Orbus finally got to try Trains, which he’s wanted to do for a while. I realize now, in hindsight, that I didn’t ask him what he thought of it. D’oh.
Four of us played. Final scores were 33, 32, 30, and 25 (or 26?) I was third. I bought no extra station-building cards and only one extra rail-laying card (so late I never got to use it), and I paid for it with a smaller, less-developed territory than anyone else. Also, my high-level money never “clicked”. I found myself one point short of affording the biggest money or the biggest VP card more often than normal. Honestly, I’m not sure how I finished as close to the lead as I did given how far behind I was in the midgame.
Contrariwise, the player who finished second was distinctly in the lead throughout the late game (despite being distracted by work issues for several early turns, not understanding how strong the discounted rail-laying card was, and personally believing that he shifted from upgrading his economy to buying VP cards at the wrong time). There’s no question that luck played a role in Orbus beating him.
I enforced the rule about visibly marking everyone’s current point total all game. It was selfish, but it worked for me in the game I played at Foolscap. Strictly speaking, this tracking is unnecessary since it’s faster and slightly more accurate to tally points when the game ends, but displaying everyone’s score all the time helps the decision-making process for people like me who can’t mentally calculate and memorize four constantly-changing numbers and would otherwise do stupid things like make a 2-point move that ends the game when I have 15 points and someone else has 20.
More people had arrived by now, so five of us played Tongiaki. It’s a tight little game with dense, unique mechanics and a lot of replayability due to its random map. Players control early native settlers of Polynesia, which is represented by an explorable hex grid of sea and island tiles. Every turn, each player has to double his or her boat count on one island. Eventually this fills the island’s beaches, which forces all the boats on that beach to sail off together toward an adjacent tile. If it’s another island, the boats land there and spread out (which may fill its beaches and send more boats out…). If it’s a sea, it’ll have currents which the boats have to follow onto another tile. If that space hasn’t been explored yet, it gets filled with a random tile first.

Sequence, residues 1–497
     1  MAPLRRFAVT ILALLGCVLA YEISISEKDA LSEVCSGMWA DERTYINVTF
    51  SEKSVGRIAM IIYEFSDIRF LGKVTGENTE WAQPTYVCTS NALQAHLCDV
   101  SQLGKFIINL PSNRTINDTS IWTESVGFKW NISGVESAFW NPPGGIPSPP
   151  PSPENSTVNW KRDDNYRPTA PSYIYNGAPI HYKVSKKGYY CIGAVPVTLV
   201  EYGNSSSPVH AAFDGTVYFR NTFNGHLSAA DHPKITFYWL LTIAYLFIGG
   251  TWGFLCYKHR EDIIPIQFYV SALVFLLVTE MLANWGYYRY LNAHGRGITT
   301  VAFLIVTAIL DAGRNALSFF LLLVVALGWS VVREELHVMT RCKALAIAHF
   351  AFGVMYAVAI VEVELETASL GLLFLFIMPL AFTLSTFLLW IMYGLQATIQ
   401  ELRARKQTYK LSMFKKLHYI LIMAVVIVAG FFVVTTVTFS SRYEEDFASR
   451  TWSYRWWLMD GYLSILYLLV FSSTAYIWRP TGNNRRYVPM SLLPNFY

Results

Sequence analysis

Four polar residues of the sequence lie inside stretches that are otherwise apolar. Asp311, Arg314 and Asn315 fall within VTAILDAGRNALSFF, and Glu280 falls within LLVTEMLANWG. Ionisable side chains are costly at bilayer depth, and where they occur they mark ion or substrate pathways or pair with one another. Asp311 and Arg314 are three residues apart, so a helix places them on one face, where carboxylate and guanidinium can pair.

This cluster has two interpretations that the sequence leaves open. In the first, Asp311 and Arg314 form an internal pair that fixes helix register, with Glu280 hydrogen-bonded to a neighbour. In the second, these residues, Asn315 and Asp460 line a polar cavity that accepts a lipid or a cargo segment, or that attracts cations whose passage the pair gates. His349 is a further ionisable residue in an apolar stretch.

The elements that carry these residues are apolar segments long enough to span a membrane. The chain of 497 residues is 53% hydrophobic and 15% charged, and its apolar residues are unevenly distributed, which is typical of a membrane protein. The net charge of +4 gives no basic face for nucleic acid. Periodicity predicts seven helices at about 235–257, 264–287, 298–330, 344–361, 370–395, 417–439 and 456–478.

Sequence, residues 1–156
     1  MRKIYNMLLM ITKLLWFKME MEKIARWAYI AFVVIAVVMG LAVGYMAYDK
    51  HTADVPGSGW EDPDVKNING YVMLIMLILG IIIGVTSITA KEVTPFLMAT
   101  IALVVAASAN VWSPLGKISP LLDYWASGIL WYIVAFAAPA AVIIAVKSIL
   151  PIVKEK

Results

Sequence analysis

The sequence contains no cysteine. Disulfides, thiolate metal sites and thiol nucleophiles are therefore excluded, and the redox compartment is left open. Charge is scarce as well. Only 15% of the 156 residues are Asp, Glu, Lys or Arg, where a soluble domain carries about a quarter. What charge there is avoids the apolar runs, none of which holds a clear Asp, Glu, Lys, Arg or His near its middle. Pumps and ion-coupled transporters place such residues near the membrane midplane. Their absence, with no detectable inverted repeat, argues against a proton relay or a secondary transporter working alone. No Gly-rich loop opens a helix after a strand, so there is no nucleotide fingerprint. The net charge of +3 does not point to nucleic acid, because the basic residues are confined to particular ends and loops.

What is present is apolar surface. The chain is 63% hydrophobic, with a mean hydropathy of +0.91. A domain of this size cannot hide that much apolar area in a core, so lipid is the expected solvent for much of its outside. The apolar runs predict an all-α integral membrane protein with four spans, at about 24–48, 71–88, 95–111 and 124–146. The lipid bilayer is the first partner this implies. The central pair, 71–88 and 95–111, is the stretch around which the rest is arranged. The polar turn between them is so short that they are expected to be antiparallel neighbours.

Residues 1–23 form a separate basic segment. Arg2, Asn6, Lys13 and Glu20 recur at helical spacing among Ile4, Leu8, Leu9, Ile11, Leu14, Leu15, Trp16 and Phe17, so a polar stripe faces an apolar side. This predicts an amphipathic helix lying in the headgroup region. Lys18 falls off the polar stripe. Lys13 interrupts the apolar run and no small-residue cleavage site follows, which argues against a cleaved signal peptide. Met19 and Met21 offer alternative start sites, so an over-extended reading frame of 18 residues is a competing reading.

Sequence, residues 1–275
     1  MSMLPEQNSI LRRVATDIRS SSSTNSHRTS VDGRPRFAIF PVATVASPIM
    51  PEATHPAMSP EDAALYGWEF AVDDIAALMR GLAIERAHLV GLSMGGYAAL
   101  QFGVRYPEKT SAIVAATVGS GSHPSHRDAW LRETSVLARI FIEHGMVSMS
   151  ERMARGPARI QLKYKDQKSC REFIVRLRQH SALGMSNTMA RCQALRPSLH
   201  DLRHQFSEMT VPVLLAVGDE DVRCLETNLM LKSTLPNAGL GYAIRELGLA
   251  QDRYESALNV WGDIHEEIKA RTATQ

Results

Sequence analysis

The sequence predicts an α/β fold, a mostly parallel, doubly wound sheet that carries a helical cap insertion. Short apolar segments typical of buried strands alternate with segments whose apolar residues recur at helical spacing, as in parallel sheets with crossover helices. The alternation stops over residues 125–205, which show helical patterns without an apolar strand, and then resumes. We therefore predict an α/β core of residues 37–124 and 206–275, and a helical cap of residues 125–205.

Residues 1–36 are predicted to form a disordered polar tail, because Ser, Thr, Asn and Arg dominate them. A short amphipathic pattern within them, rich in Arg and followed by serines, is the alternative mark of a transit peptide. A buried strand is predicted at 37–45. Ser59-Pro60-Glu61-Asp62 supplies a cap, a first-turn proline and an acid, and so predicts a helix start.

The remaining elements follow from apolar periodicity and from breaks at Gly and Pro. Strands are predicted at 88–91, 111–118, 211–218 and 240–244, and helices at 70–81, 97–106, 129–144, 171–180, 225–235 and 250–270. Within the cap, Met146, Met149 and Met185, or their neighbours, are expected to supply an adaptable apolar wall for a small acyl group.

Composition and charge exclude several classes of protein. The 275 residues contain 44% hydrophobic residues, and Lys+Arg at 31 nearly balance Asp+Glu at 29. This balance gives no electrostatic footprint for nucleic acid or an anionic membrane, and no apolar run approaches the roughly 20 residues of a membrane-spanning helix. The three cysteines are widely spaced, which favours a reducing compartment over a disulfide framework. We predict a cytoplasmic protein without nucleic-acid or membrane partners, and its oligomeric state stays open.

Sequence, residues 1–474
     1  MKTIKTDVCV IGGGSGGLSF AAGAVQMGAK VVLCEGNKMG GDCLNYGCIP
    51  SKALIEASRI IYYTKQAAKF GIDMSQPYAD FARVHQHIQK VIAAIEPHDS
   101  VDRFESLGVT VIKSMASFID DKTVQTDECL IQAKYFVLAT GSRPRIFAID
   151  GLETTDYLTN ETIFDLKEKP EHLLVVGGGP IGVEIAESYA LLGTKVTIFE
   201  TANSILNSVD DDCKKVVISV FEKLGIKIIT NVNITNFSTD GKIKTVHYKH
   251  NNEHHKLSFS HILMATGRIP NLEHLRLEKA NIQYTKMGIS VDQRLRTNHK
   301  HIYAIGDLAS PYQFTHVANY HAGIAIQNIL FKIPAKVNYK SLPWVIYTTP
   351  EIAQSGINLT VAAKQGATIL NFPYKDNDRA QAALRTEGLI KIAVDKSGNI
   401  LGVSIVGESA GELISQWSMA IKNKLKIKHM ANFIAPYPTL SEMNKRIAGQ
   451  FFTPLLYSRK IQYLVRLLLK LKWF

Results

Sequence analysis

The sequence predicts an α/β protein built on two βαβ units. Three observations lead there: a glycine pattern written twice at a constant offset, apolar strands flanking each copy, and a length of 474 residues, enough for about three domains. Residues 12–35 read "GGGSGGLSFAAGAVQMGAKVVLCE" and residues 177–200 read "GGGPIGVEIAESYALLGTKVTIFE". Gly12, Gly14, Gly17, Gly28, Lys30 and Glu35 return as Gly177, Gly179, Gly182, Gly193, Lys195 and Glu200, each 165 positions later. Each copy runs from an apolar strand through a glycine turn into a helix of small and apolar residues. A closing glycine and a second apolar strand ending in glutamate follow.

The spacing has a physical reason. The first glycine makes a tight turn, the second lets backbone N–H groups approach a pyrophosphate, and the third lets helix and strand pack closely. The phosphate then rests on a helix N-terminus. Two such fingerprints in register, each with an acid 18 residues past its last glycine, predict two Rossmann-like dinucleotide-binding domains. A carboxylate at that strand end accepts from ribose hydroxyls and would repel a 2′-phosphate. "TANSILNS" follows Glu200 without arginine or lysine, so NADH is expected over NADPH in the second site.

The twist with ocean currents is that some are only passable if the fleet contains a minimum number of colors, otherwise all the boats are destroyed. Thus, exploring new territory introduces an interesting decision: if you send a small fleet, it’s more likely to die, but if you send a large, diverse fleet, you’ll be granting better board position to more opponents. Also, intentionally filling a beach and forcing boats to sail into a known deadly passage is not just legal, it’s a common and powerful tactic.
Each island has a point value. When the map is complete, you total the values of all islands you have at least one boat on. High score wins. Final scores were something like 30, 29, 18, 17, 15. I was last. I can’t identify any major scoring opportunities I missed. I do know I got swept off two 5-point islands in the penultimate round, gaining only a 2-point island and a lot of dead ships in the process. Still, I’d only be in a distant 3rd place if that hadn’t happened.
Oddly, the 2nd place player is the same one who came in second in Trains, also by one point and also by a stroke of luck. The eventual winner had 26 points and a 50% chance of scoring either 4 or 0 on the final move. Getting within striking distance wasn’t luck, though. He was legitimately behind the leaders most of the game, but players focused on taking those leaders down and this left him in a prime position at the perfect time.